Tarsem Singh’s “The Fall”


I finally saw The Fall, a 2009 indie movie by Tarsem Singh. Like Beasts of the Southern Wild and Pan’s Labyrinth, it uses the archetypes of fantastic, imaginative storytelling to mask a bleaker reality. In 1920s California, young immigrant orphan Alexandria is convalescing from an obliquely referenced illness. By chance, she runs into Roy, a stuntman who is convalescing from a suicide attempt. Roy spins fabulist yarns for the 5 year old child, full of whimsy and derring-do. In return, she unwittingly helps Roy with his morphine addiction. The real star is the gorgeous, surreal set pieces that reference paintings by Dali and De Chirico. An extra resonance to the viewing was that I was ill at the time, and needed some fantasy in my life.

My review of Von Trier’s MELANCHOLIA: depression is a glowing blue planet

{Below is the text of the spoken review}

I want to like the films of Lars Von Trier more than I do. I admire that he has a singular vision, and that he has the audacity to disturb his audience. His work is difficult and he explores the darkest reaches of the human experience. But there is always something about his work that irritates me, that stops me from fully embracing his work.

I saw MELANCHOLIA last night. It’s an intensely personal meditation on Depression and self destruction. Justine’s descent into a depression is beautifully realized, and I would tell anyone who doesn’t believe Depression is a genuine medical condition to look at the first part of the film. The actress Kirsten Dunst portrays Justine’s pain as physical (which Depression can be) as well as mental. Her face mimics joy, but she’s really a husk inside, a tangle of psychic scars. The second part of the movie, about the destruction of the earth, isn’t as strong. Firstly, because the narrative shifts its focus from Justine to her sister Claire. The scenes that show Justine’s reactions are more powerful. She seems to embrace the end of the world. There’s a scene where she bathes naked in the spectral blue glow of the planet Melancholia that is just gorgeous.

The second part of the movie also has all of the features that annoy me about Von Trier’s work. His characters act in ways that don’t make sense. When Kiefer Sutherland’s character kills himself, it comes out of left-field. This sudden out of character behavior is a hallmark of his films. In DANCER IN THE DARK, Selma murders a man—out of left field. In DOGVILLE, Nicole Kidman’s character goes from being unbelievably passive (getting raped by an entire village!!!!) to committing genocide. The writer in me sees that as lazy, if not bad writing. Mood whiplash is one thing. Character arc whiplash is another.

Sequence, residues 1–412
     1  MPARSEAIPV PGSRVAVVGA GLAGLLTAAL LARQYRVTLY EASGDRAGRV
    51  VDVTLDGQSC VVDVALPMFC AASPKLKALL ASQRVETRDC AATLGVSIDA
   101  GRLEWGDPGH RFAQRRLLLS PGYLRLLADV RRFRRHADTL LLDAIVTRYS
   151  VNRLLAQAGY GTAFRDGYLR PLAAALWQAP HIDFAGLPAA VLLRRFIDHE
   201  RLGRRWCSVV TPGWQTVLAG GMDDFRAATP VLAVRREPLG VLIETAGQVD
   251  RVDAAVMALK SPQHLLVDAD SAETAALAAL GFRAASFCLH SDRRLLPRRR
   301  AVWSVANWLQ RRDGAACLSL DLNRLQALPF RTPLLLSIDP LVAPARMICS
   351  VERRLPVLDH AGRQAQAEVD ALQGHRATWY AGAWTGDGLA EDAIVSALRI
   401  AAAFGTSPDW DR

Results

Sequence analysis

To me, MELANCHOLIA is half of a masterpiece. He should really hire a script doctor (me!) for his next outing.


The Legend of Cool “Disco” Dan: the secret history of Chocolate City

DC in the 80s was a hellish place. It was a city plagued by poverty, murder and the scourge of the Crack Epidemic. I was shipped off to high school in nearby Maryland during that time, where my mostly white and affluent classmates would marvel that I lived in the sordid mess that was the District. I remember one of my classmates even told me, quite snottily, that in the suburbs, “At least we have trees!” (Please note that my house was directly across from Rock Creek Park, and we would get routine visits from deer, possum, and raccoons). My older brother was shot in the late 80s, after being carjacked.

During those turbulent times, if you rode the Metro, you saw the graffiti tag  Cool “Disco” Dan everywhere. On the buses, against the walls, on rooftops, under bridges. This mysterious artist’s (or vandal, depending on who you spoke to) signature  appeared everywhere in the Metro Area. Who was this person?

disco dan

The documentary The Legend of Cool “Disco” Dan examines the man behind the tag. Dan was a man who started tagging in his teen years, fueled both by his love of the indigenous  Go Go scene and his own mental anguish. The film contextualized his avocation against the larger zeitgeist of the Reagan 80s, the Crack Epidemic, Go Go music and the heyday of Chocolate City. While not exactly agitprop, the emblematic logo was and still is a sign of times and of the DC that exists in the shadows of the federal government. Dan became a kind of folk hero.

Other things learned: the “Disco” nomenclature came from an episode of the 70s sitcom What’s Happening!! where there was a character named “Disco Danny.” Before I saw the movie, Cool “Disco” Dan himself was in the lobby, signing posters.